Home Pge, Site Index, Search, Help


‘Paul Bowles: The Complete Outsider’ (NR)

By Rita Kempley
Washington Post Staff Writer
December 30, 1994

"Little by little the words took over the notes," explains Paul Bowles, the avant-garde American composer-author best known for his 1949 novel, "The Sheltering Sky." Now 84, the reclusive expatriate who has lived in Tangier, Morocco, since the '50s gives a rare and candid interview in a tantalizing new documentary directed by Regina Weinreich and Catherine Warnow.

"Paul Bowles: The Complete Outsider" includes interviews with such Bowles devotees as Allen Ginsberg (who calls him a "caviar writer"), but the film chiefly focuses on what the dapper octogenarian has to say about his early career as a Broadway composer, his art, his ties to Moroccan culture, his drug use and his marriage to lesbian author Jane Bowles.

Surprisingly accessible for a fellow who hasn't had a phone since 1969 -- "or was it '59?" -- Bowles regales the camera with amusing anecdotes about his Bohemian circle of friends: W.H. Auden, Truman Capote, Tennessee Williams, Aaron Copland, William Burroughs, Leonard Bernstein and best of all, Gertrude Stein. It was she who told him to move to Tangier -- "If she had said Spain, I'd have gone there." She also called him Freddy and rudely suggested he stop writing poetry.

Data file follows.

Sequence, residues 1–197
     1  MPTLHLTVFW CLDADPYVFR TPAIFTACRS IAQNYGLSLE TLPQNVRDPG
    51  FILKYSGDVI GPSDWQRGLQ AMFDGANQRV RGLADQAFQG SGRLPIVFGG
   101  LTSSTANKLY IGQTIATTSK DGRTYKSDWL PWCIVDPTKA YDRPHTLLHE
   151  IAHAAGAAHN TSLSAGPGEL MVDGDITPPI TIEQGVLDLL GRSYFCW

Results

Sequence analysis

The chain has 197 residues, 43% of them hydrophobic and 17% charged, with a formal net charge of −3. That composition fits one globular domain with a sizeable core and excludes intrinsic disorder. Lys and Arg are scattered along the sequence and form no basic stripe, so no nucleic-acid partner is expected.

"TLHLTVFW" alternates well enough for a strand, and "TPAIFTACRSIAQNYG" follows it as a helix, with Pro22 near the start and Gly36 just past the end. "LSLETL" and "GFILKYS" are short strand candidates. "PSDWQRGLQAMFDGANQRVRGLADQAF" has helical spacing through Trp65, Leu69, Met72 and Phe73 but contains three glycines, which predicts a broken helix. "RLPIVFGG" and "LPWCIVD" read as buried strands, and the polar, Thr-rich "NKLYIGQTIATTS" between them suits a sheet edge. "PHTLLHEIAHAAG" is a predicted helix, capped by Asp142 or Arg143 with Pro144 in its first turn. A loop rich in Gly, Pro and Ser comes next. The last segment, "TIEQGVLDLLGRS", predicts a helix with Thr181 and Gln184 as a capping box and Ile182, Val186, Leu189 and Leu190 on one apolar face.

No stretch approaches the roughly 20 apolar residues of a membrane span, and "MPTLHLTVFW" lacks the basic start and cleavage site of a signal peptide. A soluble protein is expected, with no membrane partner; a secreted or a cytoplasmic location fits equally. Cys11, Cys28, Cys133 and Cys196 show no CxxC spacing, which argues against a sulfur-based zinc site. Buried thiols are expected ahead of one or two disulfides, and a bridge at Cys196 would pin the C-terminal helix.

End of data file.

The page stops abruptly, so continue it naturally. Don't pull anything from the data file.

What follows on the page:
Bowles took Stein's brutal criticism to heart and went on to write 20 books and 50 short stories. Here, he reads passages from his semi-autobiographical "The Sheltering Sky," much of it written under the influence of kef and marijuana-laced jam.

More of an appetizer than a meal, this hour-long film would have benefited from another 30 minutes of material. There are so many unanswered questions regarding Bowles's fascinating relationship with his late wife. He blames her Moroccan lover's "black magic" for her death, yet others blame Bowles for Jane's artistic decline, which was linked to her alcoholism and other self-destructive habits. Still, as Bowles points out: "Life isn't about other people. It's about one's self against the world. Against everything and everybody."

Copyright The Washington Post

Back to the top



Home Page, Site Index, Search, Help